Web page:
Palm Beach Post
– August 12, 2013
By John Kennedy, Palm Beach Post Capital Bureau
TALLAHASSEE — The Obama administration’s policy changes Monday aimed at reducing prison spending and fostering what some officials say is more fairness in the criminal justice system have their supporters in Florida.
But efforts to deploy a similar approach statewide have met resistance from Gov. Rick Scott and the state Legislature.
“It has been a tough sell in Florida,” said Barney Bishop, president and CEO of the Florida Smart Justice Alliance, which advocates expanding inmate drug-treatment, education and job-training programs.
“It’s clear that we don’t have a Department of Corrections. We have a department of incarceration that cost taxpayers $2.4 billion last year,” Bishop said.
The alliance is led by two of the state’s largest business organizations, Florida TaxWatch and Associated Industries of Florida. Advocates say that by cutting inmate recidivism, taxpayers could reap tremendous savings which could be steered into education, social services and other programs.
Two in five offenders entering prison each year are repeat offenders, according to the Florida Department of Corrections. And fewer than one-quarter of inmates receive any treatment or training before their release.
Scott vetoed legislation in 2012 that would have allowed nonviolent felons to receive drug counseling because it was seen as a means for some inmates to avoid serving the mandatory minimum 85 percent of their sentences.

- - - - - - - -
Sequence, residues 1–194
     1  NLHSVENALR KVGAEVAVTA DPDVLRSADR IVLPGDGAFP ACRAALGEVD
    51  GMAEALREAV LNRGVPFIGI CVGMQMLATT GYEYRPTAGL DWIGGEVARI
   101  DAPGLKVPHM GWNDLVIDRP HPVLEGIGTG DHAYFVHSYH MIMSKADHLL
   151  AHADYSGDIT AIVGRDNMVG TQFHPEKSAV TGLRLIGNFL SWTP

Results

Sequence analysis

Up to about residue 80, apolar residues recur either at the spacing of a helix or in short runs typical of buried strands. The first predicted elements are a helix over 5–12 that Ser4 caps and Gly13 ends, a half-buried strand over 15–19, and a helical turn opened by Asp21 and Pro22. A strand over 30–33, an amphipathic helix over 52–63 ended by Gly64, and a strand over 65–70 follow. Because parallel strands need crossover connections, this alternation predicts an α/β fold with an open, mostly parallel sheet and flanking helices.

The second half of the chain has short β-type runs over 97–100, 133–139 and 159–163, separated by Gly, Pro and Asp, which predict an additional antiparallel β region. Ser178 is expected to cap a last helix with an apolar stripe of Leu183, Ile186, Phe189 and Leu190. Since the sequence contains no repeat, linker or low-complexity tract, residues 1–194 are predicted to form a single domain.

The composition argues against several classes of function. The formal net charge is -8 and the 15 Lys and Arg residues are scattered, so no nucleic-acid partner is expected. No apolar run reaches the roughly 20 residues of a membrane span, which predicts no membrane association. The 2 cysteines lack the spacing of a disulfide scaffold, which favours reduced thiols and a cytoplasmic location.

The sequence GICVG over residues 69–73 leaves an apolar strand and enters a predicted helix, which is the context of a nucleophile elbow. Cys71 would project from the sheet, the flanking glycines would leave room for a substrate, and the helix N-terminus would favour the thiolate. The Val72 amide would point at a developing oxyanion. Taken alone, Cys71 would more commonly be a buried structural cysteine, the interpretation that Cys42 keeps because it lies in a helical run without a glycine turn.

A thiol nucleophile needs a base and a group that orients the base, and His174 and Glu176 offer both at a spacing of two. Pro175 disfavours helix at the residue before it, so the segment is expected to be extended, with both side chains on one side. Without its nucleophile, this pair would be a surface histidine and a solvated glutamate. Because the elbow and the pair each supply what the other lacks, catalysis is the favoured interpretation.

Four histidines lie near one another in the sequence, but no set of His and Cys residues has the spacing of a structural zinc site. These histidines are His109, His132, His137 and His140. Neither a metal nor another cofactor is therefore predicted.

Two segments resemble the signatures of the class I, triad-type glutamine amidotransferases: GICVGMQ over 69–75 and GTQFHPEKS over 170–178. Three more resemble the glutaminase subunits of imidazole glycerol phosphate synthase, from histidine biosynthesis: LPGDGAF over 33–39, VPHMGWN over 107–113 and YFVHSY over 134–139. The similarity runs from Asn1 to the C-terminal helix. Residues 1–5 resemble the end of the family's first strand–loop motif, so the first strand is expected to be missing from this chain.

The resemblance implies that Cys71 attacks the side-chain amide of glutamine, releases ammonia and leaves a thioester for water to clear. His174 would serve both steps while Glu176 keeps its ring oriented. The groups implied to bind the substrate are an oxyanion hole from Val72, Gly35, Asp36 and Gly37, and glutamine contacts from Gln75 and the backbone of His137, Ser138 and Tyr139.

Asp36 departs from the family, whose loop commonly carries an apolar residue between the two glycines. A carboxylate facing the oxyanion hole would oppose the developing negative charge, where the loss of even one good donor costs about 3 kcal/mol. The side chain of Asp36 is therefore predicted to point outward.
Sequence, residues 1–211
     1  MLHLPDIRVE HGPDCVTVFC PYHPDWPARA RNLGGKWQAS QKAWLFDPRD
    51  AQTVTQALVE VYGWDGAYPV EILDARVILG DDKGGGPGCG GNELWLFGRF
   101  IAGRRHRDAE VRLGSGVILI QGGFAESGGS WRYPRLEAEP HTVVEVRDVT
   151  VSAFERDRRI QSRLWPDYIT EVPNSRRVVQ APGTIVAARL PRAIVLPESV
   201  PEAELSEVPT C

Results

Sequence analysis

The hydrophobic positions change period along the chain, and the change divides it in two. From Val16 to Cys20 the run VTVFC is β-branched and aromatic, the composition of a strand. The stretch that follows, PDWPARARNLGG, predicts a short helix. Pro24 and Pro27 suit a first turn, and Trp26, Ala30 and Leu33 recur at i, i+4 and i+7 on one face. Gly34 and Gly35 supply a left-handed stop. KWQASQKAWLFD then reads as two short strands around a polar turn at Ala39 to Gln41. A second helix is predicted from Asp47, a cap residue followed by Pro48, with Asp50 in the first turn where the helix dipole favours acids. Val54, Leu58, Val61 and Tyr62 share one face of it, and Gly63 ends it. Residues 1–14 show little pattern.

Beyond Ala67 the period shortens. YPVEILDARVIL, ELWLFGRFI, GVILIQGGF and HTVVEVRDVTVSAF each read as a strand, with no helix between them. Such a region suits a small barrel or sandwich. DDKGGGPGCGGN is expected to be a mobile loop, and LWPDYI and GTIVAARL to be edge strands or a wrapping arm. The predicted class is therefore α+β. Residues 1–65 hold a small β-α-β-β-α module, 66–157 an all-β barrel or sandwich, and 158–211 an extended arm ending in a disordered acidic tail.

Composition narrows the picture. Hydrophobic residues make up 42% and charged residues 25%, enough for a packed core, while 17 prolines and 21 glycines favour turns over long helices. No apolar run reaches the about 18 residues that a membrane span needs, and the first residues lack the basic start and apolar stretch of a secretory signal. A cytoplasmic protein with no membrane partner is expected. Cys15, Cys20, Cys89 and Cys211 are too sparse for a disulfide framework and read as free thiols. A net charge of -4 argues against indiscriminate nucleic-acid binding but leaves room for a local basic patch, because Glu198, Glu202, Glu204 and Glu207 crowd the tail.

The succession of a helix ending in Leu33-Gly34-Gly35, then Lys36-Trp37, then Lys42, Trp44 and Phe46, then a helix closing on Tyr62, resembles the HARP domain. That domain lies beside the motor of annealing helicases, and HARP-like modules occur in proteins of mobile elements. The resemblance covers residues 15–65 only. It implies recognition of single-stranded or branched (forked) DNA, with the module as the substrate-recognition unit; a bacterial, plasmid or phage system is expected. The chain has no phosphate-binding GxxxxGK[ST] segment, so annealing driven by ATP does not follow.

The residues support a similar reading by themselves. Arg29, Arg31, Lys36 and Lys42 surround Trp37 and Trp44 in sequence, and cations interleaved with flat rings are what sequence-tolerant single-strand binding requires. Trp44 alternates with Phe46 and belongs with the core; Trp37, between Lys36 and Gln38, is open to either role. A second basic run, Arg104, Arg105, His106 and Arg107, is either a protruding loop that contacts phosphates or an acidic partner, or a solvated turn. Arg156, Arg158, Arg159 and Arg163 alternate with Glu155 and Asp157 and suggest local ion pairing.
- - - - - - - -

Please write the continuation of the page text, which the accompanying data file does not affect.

Legislation last spring would have ensured that Florida inmates leaving prison receive an official state identification card or copy of their birth certificate and Social Security card, documents seen as improving their chances of getting a job, housing and having prescriptions filled. The so-called inmate re-entry bill also pushed the Department of Corrections to increase the number of faith-based prisons in Florida.
The measure sailed through the House on a 116-1 vote, but failed to advance in the Senate.
The law enforcement community and unions representing corrections officers have warned against some of the smart justice steps, crediting years of tougher sentencing as leading to a 41-year low in Florida’s crime rate.
Lawmakers also have been cautious about softer sentencing, fearing it could potentially backfire.
Georgia, Texas, Kentucky and Ohio are among the states that are embracing a more nuanced style of sentencing, easing back on the stiff, mandatory minimum sentences that spread nationwide during the 1990s.
The Smart Justice Alliance said that among the taxpayer costs, $300 million was spent in 2011 to incarcerate 16,000 drug offenders in Florida. The state’s prison population has slightly more than 100,000 inmates.
Robert Weissert, of Florida TaxWatch, said getting policymakers to abandon a lock-them-up mentality represents a major cultural shift.
“It’s like turning a battleship on dry land,” Weissert said. “But you can feel that the wind is shifting.”